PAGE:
- technical knowledge (eg. practical skills, experiences and expertise)
- practical wisdom (eg. professional judgments, values, beliefs).
4) How is knowledge being mobilised?
The final question prompts knowledge mobilisers to consider the types of approaches or techniques which they are, or could consider, using. The models covered three broad approaches to knowledge mobilisation:
- making connections between knowledge stakeholders and actors by establishing and brokering relationships
- disseminating and synthesising knowledge via online databases, communication strategies and evidence synthesis services
- facilitating interactive learning and co-production via participatory research projects and action learning sets.
An important point about many of the categories I identified is that they are not mutually exclusive. It is possible, for instance, to mobilise multiple types of knowledge from multiple sources, and some of the models I reviewed reflected this. As such, the framework does not represent an overarching ‘typology’ of knowledge mobilisation but is instead intended as a practical tool for those interested or involved in sharing and mobilising knowledge.
As such, I envisage the framework being used for 5 purposes:
- personal reflection and learning
- articulating team/project goals and objectives
- networking and communicating with others
- evaluating knowledge mobilisation projects
- identifying relevant literature, tools and approaches (for more on this see the paper cited below (Ward 2016) which lists and categorises all 47 frameworks)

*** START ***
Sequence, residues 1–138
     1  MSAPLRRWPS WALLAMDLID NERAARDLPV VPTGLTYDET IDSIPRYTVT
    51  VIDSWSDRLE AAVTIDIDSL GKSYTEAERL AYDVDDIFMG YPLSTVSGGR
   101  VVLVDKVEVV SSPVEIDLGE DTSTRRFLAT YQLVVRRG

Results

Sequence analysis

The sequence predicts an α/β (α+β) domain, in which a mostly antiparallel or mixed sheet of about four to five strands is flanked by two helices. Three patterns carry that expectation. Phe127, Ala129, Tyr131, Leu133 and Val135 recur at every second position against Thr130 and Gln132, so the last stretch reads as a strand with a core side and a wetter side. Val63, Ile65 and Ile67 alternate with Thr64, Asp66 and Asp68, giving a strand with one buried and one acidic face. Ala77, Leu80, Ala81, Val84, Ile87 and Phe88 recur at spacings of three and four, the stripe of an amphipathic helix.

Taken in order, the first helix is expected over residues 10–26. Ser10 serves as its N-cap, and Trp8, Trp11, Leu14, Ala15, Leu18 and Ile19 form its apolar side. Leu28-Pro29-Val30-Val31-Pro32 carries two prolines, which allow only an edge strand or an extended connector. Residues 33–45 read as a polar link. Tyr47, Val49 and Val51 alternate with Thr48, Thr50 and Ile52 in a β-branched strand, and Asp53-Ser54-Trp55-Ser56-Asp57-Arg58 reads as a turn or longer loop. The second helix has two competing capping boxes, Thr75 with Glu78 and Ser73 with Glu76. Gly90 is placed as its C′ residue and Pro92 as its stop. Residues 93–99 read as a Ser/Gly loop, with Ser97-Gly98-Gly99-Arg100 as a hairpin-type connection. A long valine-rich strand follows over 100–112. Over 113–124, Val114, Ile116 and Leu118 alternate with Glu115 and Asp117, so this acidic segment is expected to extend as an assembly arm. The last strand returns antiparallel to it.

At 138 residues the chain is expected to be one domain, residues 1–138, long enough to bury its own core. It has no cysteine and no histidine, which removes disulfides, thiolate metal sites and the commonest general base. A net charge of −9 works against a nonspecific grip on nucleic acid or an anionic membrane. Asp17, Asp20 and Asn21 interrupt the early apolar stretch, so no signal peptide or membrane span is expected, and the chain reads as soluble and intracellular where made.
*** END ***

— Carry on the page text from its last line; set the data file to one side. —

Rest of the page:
The framework’s greatest benefit, however, is likely to come in enabling knowledge mobilisers to develop clearer and more thoughtful descriptions of themselves and their work to increase clarity and understanding across the field of knowledge mobilisation.
What do you think? Where do you think the gaps are in the knowledge mobilisation landscape? What makes your knowledge mobilisation work most difficult? Are there other questions that you ask yourself when starting a new knowledge mobilisation project?
To find out more:
Ward, V. (2016). Why, whose, what and how? A framework for knowledge mobilisers. Evidence and Policy. DOI (open access): 10.1332/174426416X14634763278725
To see all blog posts from the partnership with the journal Evidence and Policy:
McKibbon, K. A., Lokker, C., Wilczynski, N. L., Ciliska, D., Dobbins, M., Davis, D. A., Haynes, R. B. and Straus, S. E. (2010). A cross-sectional study of the number and frequency of terms used to refer to knowledge translation in a body of health literature in 2006: A Tower of Babel? Implementation Science, 5: 16
Davies, H. T. O., Powell, A. E. and Nutley, S. (2015). Mobilising knowledge to improve UK health care: learning from other countries and other sectors – a multimethod mapping study, Health Services and Delivery Research, 3, 27
Biography: Vicky Ward is an Associate Professor in Knowledge Mobilisation at the University of Leeds, UK. She focuses on how healthcare staff and academics can be supported to learn from and share their knowledge with one another. Her recent work has focused on developing a service user feedback framework for improving integrated care, how health and wellbeing managers from different organisations share and create knowledge, how collaborative relationships between academics and NHS managers develop and how knowledge is exchanged within service delivery teams. In 2014 she was awarded an NIHR (National Institute for Health Research) Knowledge Mobilisation Research Fellowship to focus on how knowledge is mobilised across health and social care boundaries in community settings. She is part of the organising group for a new online learning network – the Knowledge Into Practice Learning Network (for more details and how to join visit https://knowledgeintopracticenetwork.wordpress.com/). [Moderator’s note in January 2022 – although the website still exists, this network no longer seems to be active.] Before branching out into health research, she had a career as a clarinet teacher and ran her own teaching practice. Find out how (and why) she made the move into health research on her blog.